Gov. Pat Quinn, pictured here from earlier this month, talked pensions in Springfield Thursday, calling for a Senate vote on House Speaker Michael Madigan's pension-reform package. (Al Podgorski-Chicago Sun-Times)
SPRINGFIELD- Gov. Pat Quinn withheld his endorsement Thursday of union-backed, pension-reform legislation favored by Senate President John Cullerton, repeatedly insisting that a "comprehensive" alternative authored by House Speaker Michael Madigan deserved a Senate vote.
Quinn's signal of support for Madigan's (D-Chicago) Senate Bill 1, which narrowly passed the House last week, came as Cullerton (D-Chicago) prepared to move his own, more worker-friendly version Thursday out of his legislative chamber.
"We have work to do," Quinn told reporters after a ceremony honoring the state's firefighters in Springfield. "I was very impressed by the fact that the principles I annunciated more than a year ago for comprehensive pension reform were contained in [Madigan's bill], and that passed the House last week. And I want to make sure [the bill] gets a vote in the Senate by the end of the month."
Cullerton's plan, which passed the Senate Thursday, was crafted with the help of the state's largest public employee unions and is shaped around standing up to an inevitable lawsuit against the state by giving employees a choice from three different benefit packages.
While the plan is projected to save the state far less money than Madigan's plan, Quinn wouldn't say whether he prefers a bill that is more constitutional or one that saves the state more cash.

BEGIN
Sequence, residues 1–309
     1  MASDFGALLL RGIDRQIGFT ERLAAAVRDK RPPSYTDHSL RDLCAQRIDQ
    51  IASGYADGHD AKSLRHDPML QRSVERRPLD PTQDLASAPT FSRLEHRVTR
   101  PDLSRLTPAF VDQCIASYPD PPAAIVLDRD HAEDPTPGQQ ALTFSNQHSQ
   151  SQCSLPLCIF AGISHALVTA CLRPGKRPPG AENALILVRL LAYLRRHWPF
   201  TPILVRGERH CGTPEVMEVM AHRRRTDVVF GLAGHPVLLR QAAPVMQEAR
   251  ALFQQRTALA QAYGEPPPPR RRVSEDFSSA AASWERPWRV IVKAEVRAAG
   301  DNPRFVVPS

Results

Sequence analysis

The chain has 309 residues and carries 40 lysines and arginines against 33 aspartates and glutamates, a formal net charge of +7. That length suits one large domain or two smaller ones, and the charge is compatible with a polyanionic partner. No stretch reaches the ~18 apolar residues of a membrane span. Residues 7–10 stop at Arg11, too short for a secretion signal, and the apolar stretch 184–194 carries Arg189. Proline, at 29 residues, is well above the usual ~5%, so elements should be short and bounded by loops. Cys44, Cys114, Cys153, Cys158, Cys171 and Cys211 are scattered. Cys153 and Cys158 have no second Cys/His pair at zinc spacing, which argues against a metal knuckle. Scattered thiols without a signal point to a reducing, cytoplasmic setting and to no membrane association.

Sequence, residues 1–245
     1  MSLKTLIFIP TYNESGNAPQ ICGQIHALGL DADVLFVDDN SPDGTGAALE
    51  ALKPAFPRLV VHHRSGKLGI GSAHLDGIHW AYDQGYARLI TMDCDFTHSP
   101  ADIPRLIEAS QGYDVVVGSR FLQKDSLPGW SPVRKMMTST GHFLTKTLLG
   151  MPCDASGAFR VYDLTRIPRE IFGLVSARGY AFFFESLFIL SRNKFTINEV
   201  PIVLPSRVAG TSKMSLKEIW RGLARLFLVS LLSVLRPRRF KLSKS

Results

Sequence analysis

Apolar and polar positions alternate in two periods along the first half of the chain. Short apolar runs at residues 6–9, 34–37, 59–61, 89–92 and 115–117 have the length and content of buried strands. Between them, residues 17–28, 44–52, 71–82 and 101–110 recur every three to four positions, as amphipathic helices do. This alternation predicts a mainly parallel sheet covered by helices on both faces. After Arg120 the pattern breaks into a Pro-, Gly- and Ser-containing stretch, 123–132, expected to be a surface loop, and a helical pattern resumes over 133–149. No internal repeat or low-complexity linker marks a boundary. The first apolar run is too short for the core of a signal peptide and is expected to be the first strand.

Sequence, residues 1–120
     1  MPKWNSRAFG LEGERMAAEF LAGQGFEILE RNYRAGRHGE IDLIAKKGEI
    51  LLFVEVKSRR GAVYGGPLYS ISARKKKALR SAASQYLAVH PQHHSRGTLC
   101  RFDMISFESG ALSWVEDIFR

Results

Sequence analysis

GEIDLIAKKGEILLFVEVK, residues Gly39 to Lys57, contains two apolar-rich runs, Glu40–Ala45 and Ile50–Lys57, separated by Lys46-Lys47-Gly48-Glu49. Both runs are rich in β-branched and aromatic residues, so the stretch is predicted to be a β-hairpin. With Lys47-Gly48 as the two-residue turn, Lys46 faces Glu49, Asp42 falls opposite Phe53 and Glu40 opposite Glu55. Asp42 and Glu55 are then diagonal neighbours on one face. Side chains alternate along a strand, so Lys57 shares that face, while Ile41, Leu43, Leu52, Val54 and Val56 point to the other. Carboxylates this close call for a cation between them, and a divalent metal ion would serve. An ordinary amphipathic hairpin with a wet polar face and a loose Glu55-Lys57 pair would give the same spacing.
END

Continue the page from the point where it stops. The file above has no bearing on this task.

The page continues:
"I think having robust debate in both houses on this subject is a very good way to go for democracy, but ultimately, there must be a vote on a comprehensive measure that meets my outline of what consists of public pension reform that will move our economy forward," Quinn said.
Quinn opposed a bill passed in the Senate late in last year's legislative session because it addressed only two of the state's five pension systems. This time, Quinn praised Cullerton's efforts but stopped short of saying whether he would sign the bill if it passes the General Assembly.
"Well, I'm not going to speculate on anything unless it gets to my desk," he said. "I think it's important to have both houses of the Legislature have a robust debate but have votes too. And I think those bills that have passed one house certainly deserve a vote in the other.
"I think it's important for them - members of the Senate - to take a look at everything, but ultimately it's important for Senate Bill 1 to get a vote."